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Milo Creese Interview – “It’s body horror, but also quite happy, there is an end to pain and fear which is pretty joyous.”


Milo Creese, Pandea Child, video still, 2020.

London based artist Milo Creese recently sat down with art historian, writer and curator Hector Campbell to discuss artistic collaboration, The FLAMIN fellowship programme, his latest moving image work ‘Pandea Child’ and his upcoming two-person exhibition And Here You Are, Holding On, with Billy Fraser at Well Projects in Margate, which opens July 18th and runs until July 31st.

Hector Campbell: In 2017 you graduated with an MA in sculpture from the Royal College of Art, having previously completed your BA in Fine Art (Sculpture) at Wimbledon College of Art. What was your experience of art school education? And when during your education did you move away from more traditional forms of sculpture and into audiovisual art-making? 

Milo Creese: I started my BA when I was 26, which I think really helped me make the most of it. It was a really productive time for me, it was great to have this feeling of finally knowing what I wanted to do, and then having all this time to concentrate on it. Before that, I never really knew what I was doing for much of my adult life. 

It was definitely apparent that art school was on the decline as I went through the system. Each year you would get a shittier deal than the year previous, but you could feel lucky considering what the following year would get. Art school simultaneously served me well and ruined me slightly, when I left the RCA I thought there would be many more opportunities. I was very naive, and couldn’t even get a half-decent job.

It was probably during the second year of my BA at Wimbledon that I started to make video work. I had just gotten an idea of what contemporary art really was, and found artists who worked in moving image really magical. The work of artists like Heather Phillipson, Benedict Drew, Ryan Trecartin, Laure Prouvost, Hito Steyerl, I had never seen anything like that before. Moving image felt so full of possibilities, with a wide range of things you can bring together in it. I also liked the fact that I didn’t need a studio space to make work, I could just play around at home trying to learn different software etc.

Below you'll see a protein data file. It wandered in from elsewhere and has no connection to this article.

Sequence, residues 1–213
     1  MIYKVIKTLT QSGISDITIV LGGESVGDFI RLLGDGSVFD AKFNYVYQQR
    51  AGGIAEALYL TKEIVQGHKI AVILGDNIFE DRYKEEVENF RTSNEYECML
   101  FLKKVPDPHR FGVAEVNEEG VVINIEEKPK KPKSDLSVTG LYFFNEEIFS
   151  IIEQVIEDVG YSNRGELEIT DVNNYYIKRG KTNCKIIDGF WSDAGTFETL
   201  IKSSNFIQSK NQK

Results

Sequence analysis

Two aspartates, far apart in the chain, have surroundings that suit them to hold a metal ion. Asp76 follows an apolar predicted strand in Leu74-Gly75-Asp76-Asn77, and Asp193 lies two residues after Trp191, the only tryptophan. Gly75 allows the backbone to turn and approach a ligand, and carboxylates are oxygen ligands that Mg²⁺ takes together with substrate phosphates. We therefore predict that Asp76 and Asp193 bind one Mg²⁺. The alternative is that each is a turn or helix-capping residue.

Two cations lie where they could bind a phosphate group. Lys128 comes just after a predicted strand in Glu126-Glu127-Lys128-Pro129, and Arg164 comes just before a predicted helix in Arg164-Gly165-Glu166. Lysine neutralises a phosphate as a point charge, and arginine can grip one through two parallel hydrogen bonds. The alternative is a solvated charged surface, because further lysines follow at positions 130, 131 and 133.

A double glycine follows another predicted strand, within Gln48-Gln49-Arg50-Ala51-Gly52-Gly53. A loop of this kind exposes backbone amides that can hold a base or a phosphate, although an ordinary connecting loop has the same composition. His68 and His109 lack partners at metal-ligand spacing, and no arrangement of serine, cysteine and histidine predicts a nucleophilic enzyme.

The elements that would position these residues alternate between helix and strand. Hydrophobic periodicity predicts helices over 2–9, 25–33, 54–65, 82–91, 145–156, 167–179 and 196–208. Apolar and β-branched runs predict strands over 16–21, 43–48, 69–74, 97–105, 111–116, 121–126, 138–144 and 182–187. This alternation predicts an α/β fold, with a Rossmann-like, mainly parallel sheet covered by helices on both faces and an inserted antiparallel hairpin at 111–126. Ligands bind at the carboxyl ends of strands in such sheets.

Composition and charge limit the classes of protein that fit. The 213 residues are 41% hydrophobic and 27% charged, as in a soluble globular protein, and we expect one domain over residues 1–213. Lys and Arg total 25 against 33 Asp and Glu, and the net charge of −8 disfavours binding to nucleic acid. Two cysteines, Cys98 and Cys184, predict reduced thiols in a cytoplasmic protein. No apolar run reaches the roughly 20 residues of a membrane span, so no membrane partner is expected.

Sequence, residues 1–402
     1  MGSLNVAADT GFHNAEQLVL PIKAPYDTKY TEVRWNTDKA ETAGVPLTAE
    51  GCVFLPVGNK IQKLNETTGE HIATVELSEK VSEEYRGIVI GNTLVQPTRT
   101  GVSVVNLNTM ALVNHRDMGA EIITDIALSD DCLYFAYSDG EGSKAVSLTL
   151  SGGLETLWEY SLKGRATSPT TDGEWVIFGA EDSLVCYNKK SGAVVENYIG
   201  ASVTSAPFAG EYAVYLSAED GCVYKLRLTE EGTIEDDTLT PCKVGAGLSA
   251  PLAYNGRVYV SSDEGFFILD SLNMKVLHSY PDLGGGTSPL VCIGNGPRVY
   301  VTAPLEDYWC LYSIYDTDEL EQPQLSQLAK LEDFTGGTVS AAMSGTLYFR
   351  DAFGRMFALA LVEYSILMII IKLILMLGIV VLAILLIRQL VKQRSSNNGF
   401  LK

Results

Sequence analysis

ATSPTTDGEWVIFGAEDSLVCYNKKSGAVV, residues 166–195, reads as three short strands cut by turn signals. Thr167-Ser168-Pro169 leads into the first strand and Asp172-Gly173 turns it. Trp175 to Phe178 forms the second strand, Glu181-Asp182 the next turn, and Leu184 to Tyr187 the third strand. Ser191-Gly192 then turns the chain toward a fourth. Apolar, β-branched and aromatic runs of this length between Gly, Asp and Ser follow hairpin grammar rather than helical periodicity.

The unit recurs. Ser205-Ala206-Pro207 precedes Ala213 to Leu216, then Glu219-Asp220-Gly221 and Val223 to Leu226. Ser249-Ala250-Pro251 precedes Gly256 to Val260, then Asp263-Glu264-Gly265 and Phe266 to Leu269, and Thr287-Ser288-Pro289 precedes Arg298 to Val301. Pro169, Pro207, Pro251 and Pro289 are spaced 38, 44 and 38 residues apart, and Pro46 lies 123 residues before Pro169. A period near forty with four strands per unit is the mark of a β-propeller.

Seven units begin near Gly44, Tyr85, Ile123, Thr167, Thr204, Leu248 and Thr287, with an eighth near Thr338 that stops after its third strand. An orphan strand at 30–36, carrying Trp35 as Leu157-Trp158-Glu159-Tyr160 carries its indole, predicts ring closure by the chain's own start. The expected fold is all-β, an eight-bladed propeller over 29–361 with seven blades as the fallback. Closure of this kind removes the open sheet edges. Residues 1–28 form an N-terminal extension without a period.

H.C: Due to the nature of your video artworks, you often rely on collaboration with performers, voiceover artists and choreographers. How do you approach artistic collaboration in your practice? And how do these collaborations, in turn, inform future artworks? 

M.C: When I started to film my own footage I was working with friends from the RCA, my studio mates Sue Park, Guendalina Cerutti and Alla Malova who didn’t mind having a camera pointed at them. We would play around and experiment. We had recently gotten into Korean desk callisthenics in the studio, which just looked so weird that I filmed Sue doing it, and that was maybe the first thing I filmed. The footage was great and so my system stayed similarly vague for a while; find a person, an interesting activity and a nice place to film, then see what that footage looks like when inserted into the work I was making. 

I learn a lot when working with different people, talking and hanging around with them, and it was always more comfortable working with people I knew when I didn’t know what I was doing. It’s good to have people to work with when you simply want to try something out, I can think “oh yeah, that person can do that activity, that would be cool to film, are they free?”. My friend Hannah is an actor, amongst other things, and has been my most frequent collaborator. She’s brought something different to the work, more emotional intensity. I’m gradually starting to branch out and plan a bit better. 


Milo Creese, CoAb, video still, 2019.